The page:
Originally a Franco-Belgian comic series, The Scorpion was translated into English by Cinebook eight years after the original release in 2000. Writer Stephen Desberg teams with artist Enrico Marini to give readers an action-packed adventure that questions the relationship between good and evil. Set in Renaissance Rome, the protagonist Armando ‘The Scorpion’, named so because of his animal-shaped birthmark, becomes a target hunted by the Catholic church led by Cardinal Trebaldi and his army of warrior monks. Marked by sin, Armando is the son of a convicted witch who years ago was burned at the stake by the church for coercing with a priest. After Egyptian poison-master Mejai attempts to kill Armando on command of the Cardinal, the truth behind Armando’s heritage and connection to the church become more deeply entwined. The Scorpion, alongside his trusty sidekick Hussar, must fight to survive against the onslaught of Trebaldi’s quest for blood and uncover the sinister motivation behind his plans.

Desberg’s storytelling is fast-paced and action-filled with splashes of comedy thrown in (mainly through Scorpion’s sidekick). It blends well with Marini’s varied palette, each page offering a different layout perfectly shifting the pacing of the story, and unlike most English language graphic novels, in the European fashion it’s Marini the artist credited first on the cover. Indeed, as good as Desberg’s writing may be, it is Marini’s artwork that truly makes The Scorpion stand out. No one page is ever the same as Marini experiments with style and form with larger panels given to glorious watercolour landscapes of Rome, to smaller sequenced panels between character action and dialogues. The variety makes each page feel refreshingly unique. That’s reinforced by the colouring, of fantastic quality, a beautiful painted style that shifts between the warm tones of the sunlit Italian capital, to cooler blue tones of the city by night, to the forest greens and meadow yellowed fields of the countryside. Marini’s art compliments and intensifies the immersive twists and turns of the story.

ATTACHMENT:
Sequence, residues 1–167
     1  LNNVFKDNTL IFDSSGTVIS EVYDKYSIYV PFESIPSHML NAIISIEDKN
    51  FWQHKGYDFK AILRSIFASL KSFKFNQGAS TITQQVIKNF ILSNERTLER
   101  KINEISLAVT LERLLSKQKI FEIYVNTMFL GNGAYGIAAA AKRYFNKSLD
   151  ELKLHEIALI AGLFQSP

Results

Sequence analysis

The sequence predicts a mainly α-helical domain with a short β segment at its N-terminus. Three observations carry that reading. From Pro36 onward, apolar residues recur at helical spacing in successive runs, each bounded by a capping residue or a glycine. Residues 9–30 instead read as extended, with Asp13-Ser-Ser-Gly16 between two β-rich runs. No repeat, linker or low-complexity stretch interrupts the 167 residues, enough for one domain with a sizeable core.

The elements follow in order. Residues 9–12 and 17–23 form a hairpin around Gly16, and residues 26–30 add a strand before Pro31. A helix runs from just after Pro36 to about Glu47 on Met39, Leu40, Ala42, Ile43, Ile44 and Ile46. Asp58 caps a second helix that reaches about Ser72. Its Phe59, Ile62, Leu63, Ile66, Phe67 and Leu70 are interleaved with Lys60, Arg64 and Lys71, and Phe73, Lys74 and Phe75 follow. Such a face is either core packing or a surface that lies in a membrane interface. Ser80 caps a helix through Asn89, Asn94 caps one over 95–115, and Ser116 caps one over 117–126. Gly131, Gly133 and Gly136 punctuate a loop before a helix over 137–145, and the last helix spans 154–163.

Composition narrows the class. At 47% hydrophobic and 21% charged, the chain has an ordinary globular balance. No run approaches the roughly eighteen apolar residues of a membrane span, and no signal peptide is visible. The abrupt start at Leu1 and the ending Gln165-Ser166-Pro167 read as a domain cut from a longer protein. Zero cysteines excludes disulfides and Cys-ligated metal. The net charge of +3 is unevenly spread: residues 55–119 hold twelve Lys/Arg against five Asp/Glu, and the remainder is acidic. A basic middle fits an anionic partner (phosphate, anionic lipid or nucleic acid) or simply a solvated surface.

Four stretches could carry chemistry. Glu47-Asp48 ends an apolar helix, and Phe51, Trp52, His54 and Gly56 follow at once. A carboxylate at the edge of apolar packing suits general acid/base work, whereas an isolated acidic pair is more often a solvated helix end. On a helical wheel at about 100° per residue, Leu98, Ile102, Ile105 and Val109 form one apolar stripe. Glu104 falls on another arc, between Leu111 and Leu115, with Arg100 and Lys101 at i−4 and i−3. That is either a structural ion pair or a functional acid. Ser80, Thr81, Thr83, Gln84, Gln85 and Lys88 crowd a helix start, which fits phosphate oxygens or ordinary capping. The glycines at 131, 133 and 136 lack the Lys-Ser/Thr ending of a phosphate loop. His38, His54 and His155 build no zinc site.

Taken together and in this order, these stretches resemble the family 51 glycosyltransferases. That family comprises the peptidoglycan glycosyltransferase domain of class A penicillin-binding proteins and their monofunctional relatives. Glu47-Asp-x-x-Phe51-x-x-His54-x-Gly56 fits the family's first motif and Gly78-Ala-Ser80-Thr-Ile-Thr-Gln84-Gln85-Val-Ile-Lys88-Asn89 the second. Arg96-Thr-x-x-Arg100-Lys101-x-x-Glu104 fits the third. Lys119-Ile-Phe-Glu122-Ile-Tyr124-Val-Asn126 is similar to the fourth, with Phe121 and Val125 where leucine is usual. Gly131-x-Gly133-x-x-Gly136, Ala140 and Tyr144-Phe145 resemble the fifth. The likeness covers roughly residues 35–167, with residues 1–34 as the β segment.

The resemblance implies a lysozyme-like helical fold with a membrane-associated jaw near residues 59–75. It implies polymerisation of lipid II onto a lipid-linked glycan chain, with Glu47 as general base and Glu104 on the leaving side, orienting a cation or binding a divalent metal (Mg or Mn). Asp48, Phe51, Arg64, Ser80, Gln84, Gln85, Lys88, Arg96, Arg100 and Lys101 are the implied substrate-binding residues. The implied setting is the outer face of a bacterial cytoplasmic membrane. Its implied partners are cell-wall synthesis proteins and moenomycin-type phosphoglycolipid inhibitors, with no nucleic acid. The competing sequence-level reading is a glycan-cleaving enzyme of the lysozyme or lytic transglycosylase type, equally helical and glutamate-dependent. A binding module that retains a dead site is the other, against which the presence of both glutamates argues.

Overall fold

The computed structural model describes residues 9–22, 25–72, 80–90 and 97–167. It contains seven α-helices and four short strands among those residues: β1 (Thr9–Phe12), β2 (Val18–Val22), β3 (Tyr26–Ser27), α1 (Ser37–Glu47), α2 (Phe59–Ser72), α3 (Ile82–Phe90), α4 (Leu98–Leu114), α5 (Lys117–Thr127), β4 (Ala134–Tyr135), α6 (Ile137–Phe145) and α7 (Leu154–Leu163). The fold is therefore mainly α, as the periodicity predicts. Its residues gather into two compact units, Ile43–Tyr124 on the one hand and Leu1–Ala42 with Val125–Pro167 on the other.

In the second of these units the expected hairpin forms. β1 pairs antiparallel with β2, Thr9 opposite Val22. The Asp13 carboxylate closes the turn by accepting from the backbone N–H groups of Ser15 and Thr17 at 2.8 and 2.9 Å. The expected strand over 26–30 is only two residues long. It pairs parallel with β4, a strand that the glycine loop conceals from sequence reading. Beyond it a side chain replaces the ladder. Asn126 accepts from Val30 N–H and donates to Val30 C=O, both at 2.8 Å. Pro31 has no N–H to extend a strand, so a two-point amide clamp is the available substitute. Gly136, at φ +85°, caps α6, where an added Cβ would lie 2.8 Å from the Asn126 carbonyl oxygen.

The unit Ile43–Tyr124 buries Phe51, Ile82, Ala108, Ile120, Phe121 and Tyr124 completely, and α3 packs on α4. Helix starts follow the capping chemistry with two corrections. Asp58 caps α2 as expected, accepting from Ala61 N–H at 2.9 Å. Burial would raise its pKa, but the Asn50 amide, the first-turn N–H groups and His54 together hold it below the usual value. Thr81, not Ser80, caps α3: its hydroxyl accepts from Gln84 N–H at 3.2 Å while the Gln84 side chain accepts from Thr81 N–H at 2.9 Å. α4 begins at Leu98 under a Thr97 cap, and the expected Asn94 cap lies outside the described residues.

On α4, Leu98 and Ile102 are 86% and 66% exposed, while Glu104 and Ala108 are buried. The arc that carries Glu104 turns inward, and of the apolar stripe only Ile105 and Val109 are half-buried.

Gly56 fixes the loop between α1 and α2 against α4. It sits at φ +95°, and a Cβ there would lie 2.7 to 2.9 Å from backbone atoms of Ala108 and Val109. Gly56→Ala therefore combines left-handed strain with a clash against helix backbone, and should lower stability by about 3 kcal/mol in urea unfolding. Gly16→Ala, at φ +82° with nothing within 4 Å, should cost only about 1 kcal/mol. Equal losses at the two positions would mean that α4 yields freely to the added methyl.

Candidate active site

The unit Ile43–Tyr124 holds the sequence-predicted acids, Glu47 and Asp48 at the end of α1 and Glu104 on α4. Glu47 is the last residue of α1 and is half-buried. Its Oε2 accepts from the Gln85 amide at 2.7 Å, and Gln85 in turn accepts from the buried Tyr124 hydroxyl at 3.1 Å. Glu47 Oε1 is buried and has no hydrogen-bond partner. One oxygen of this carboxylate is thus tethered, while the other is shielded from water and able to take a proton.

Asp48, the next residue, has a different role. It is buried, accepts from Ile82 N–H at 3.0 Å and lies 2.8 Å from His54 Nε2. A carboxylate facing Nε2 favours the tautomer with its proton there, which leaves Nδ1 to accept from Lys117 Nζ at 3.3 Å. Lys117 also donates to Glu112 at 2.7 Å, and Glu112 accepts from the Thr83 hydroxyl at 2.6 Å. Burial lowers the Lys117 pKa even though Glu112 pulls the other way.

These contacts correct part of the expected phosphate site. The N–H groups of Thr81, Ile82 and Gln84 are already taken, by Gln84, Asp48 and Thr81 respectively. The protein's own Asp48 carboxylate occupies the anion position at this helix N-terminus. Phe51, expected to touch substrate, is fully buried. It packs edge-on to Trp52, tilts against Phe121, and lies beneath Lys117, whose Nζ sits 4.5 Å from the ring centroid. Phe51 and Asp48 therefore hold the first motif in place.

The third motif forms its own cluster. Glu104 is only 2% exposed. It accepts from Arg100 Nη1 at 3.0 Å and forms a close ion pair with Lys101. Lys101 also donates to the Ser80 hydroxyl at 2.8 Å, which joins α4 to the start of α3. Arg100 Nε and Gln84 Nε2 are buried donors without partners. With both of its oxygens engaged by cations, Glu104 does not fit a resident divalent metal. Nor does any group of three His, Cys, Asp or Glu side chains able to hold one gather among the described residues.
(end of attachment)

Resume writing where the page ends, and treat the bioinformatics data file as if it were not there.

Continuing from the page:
This first English language edition combines the opening two French graphic novels, albeit shrinking them from album size. The first introduces the main characters, sets the scene and leaves readers curious for more, circumstances unravelling after Mejai attempts to murder Armando. The second unveils that the hunt for the Scorpion is part of a larger and darker scheme that the hero finds himself entangled in. The creators have set up an interesting world and despite the historical context its themes are just as relevant to questions of morality and religion today as they were in the 18th century. The narrative is engaging and immersive, but the wonderful art of Marin alone is reason enough to delve into the world of The Scorpion. The Devil in the Vatican is next.